Tuesday, 12 February 2013

JOHN DEWEY (J.D.) : PHILOSOPHY




John Dewey,  (born Oct. 20, 1859, Burlington, Vt., U.S.—died June 1, 1952, New York, N.Y.), American philosopher and educator who was a founder of the philosophical movement known as pragmatism, a pioneer in functional psychology, and a leader of the progressive movement in education in the United States.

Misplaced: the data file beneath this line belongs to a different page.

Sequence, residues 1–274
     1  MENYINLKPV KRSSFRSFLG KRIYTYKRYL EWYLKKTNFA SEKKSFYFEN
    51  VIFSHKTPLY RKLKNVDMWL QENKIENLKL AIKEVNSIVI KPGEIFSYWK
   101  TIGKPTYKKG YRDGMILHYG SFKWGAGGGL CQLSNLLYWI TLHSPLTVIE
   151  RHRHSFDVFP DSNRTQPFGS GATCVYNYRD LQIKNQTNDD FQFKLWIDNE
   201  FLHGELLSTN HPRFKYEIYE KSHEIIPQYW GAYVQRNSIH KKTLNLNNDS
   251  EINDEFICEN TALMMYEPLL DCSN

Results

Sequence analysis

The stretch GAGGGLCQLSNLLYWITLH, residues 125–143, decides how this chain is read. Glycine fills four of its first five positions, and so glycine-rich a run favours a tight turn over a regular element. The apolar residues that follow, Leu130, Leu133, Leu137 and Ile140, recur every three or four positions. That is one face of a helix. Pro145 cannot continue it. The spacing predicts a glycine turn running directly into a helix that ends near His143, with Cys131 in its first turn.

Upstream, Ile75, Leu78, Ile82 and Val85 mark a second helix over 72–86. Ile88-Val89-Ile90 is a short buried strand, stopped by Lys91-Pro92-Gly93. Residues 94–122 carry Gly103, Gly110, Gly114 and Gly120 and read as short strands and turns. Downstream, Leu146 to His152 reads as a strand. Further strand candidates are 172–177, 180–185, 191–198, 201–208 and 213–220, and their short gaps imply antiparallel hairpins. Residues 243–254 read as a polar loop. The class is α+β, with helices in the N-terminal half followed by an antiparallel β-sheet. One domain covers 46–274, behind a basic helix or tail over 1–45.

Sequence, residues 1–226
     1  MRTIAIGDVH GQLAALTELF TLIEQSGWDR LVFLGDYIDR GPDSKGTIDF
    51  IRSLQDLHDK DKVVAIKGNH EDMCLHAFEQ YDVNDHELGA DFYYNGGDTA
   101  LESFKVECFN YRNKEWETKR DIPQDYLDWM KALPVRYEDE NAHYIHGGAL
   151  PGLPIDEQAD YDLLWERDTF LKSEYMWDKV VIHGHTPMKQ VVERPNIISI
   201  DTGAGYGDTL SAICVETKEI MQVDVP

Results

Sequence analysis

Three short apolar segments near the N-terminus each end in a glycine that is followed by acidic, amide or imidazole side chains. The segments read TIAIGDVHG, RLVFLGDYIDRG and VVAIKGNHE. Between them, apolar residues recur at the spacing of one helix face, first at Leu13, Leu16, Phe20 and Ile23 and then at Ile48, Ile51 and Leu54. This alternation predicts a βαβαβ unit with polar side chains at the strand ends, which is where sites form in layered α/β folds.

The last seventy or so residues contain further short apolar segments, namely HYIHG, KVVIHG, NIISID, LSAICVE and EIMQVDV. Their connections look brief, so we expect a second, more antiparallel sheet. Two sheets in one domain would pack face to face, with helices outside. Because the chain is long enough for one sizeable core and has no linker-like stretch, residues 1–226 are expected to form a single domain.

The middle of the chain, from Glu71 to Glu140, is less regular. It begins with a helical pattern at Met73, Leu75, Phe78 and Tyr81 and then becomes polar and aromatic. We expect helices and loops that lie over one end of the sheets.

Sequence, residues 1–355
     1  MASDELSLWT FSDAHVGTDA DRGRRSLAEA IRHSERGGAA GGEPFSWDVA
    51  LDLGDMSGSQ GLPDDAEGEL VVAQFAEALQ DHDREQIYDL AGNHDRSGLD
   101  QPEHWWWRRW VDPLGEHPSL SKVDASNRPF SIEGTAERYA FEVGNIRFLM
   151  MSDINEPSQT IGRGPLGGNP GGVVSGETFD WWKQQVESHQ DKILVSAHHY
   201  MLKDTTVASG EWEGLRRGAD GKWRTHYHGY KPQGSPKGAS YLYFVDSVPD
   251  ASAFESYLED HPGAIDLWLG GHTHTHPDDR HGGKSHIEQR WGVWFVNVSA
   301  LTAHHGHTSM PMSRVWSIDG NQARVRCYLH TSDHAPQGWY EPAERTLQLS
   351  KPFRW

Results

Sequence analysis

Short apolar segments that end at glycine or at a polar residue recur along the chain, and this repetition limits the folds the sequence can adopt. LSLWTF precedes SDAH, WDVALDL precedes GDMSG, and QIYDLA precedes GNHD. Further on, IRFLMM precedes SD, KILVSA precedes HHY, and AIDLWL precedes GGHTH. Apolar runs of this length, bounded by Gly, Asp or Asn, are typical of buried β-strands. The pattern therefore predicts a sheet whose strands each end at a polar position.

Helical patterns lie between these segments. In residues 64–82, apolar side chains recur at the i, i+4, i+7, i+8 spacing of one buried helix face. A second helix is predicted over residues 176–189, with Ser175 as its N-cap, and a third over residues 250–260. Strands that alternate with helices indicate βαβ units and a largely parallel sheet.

A view that rejected the dualistic epistemology and metaphysics of modern philosophy in favor of a naturalistic approach that viewed knowledge as arising from an active adaptation of the human organism to its environment. On this view, inquiry should not be understood as consisting of a mind passively observing the world and drawing from this ideas that if true correspond to reality, but rather as a process which initiates with a check or obstacle to successful human action, proceeds to active manipulation of the environment to test hypotheses, and issues in a re-adaptation of organism to environment that allows once again for human action to proceed. With this view as his starting point, Dewey developed a broad body of work encompassing virtually all of the main areas of philosophical concern in his day. He also wrote extensively on social issues in such popular publications as the New Republic, thereby gaining a reputation as a leading social commentator of his time.













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